The 2014 edition of the #BoldStage added a new twist – fans were actually invited inside the five-story-tall vending machine for an ‘out-of-this-world’ exclusive musical experience to view the inner workings of the mechanical, interactive stage.
Doritos Bold Missions build further on the brand’s central ‘For the Bold’ big idea – which underpins its global marketing campaign.
The underlying idea is to celebrate the Doritos brand’s legacy of empowering its fans to seize the moment and live boldly.
This latest innovative SXSW sponsorship work iss just is part of the brand’s ongoing commitment to communication innovation which first began when it handed over its TV ad airtime to consumer-created commercials so that ‘fans can crash the Super Bowl’
Yet, while Crash The Super Bowl is known for its ‘inclusiveness’, Bold Missions has received some criticisms for its ‘exclusivity’.
As all attendees had to tweet in some form of support of the chip company’s social media marketing campaign, some media outfits, like the New York Times, took a stand against doing.
Gaga, who was also a keynote SXSW speaker, attacked criticism during her on-stage interview by John Norris of Fuse Music News where she fiercely defended her acceptance of corporate support.
‘Without sponsorships, without these companies coming together to help us, we won’t have any more artists in Austin,’ she argued. ‘We won’t have any festivals, because record labels don’t have any” emphatic word deleted “money.’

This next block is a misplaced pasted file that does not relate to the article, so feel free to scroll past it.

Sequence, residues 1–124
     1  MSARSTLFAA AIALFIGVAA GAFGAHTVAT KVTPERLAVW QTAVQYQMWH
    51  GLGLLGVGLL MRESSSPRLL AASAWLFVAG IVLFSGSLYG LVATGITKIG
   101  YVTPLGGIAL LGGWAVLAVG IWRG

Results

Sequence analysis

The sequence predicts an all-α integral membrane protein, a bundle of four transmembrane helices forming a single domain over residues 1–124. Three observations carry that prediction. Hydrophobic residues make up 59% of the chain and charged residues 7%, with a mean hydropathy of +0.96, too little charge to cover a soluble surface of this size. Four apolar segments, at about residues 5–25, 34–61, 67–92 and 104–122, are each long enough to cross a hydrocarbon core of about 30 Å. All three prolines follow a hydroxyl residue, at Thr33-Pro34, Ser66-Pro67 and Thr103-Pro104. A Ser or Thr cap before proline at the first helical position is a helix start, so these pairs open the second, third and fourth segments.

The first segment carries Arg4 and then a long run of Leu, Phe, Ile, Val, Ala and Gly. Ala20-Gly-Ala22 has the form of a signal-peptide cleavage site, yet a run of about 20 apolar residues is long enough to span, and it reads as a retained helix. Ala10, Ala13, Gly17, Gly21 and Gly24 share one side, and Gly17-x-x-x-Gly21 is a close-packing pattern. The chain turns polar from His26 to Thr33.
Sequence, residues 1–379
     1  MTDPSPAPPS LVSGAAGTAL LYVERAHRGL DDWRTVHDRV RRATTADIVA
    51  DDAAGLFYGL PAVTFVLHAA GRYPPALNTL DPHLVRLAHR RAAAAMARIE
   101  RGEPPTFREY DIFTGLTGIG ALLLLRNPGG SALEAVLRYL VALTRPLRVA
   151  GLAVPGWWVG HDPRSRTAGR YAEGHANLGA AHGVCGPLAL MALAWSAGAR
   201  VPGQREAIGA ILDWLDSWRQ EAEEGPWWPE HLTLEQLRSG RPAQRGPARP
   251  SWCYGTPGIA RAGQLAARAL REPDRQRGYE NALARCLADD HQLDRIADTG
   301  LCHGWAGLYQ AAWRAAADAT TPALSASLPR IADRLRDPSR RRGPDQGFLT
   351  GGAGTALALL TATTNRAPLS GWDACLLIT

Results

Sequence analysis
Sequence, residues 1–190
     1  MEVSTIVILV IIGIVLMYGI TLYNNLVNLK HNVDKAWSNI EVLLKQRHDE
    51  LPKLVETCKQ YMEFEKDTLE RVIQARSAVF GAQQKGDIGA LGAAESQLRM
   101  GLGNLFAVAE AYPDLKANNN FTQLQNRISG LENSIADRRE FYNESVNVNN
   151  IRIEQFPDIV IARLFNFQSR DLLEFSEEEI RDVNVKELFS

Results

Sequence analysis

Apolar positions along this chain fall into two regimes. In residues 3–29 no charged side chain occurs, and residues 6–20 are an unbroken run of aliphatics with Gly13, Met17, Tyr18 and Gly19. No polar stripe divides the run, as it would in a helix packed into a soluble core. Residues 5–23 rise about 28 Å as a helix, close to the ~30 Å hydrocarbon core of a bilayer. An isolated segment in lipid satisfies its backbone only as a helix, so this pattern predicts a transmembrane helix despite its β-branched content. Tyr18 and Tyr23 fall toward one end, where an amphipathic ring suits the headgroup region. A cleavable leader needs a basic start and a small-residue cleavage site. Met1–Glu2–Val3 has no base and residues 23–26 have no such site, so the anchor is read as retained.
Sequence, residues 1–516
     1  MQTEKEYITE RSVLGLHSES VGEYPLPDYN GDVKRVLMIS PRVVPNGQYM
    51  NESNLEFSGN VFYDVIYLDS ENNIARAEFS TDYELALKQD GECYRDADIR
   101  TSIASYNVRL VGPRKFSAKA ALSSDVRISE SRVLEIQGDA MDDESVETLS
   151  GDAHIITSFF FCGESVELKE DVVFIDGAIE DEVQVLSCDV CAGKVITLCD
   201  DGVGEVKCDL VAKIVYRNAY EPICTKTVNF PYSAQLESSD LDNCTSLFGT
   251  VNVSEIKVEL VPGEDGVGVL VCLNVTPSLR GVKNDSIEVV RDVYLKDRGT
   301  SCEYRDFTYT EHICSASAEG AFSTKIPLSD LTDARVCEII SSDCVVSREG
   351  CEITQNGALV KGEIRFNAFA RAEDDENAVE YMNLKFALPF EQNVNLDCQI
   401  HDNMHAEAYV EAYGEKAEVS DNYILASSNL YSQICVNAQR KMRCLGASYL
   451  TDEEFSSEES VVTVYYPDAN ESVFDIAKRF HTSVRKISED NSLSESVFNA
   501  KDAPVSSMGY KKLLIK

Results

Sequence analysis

‘Whoever is writing or saying all those things, you don’t know fuck about the state of the music industry. It’s also about how the artist chooses to engage in these types of relationships. What’s type of relationship, what’s the philosophy behind the collaboration? Do you have things in common, do you not? When you come to do the performance how much time do you put into it? Do you really care about the show or are you just taking the cheque?’
Nevertheless, such as a huge corporate sponsored show is certainly a reflection of the changing nature of the SXSW music festival, which was originally known as a showcase for un-signed and lesser known musicians.
Indeed, Gaga’s Dorito’s show was the only superstar concert backed by a major commercial brand at the 2014 festival.
This year also saw SXSW include Jay-Z and Kanye playing for Samsung
and Coldplay performing for iTunes
(although admittedly both brands have a stronger and more direct connection to music than Doritos.).
Indeed, this year saw more people than ever suggest that the festival is becoming a bloated hub of non-musical corporate marketing by the likes of Doritos and Pepsi.
But not everyone is critical.
‘The willingness of artists to partner with brands happened because revenues dried up from physical discs,’ said Peter Gannon (a former rocker in a band called Calla and McCann Erickson VP) who was at SXSW looking at new talent.
‘The labels are not going to get a lot of sympathy because they were not very good to artists. At least when a brand is involved, there is an understanding that we are borrowing the cachet that the artist has built and we try to make high-quality projects that give value to both the client and the artist. ‘
Doritos Bold Bravery Website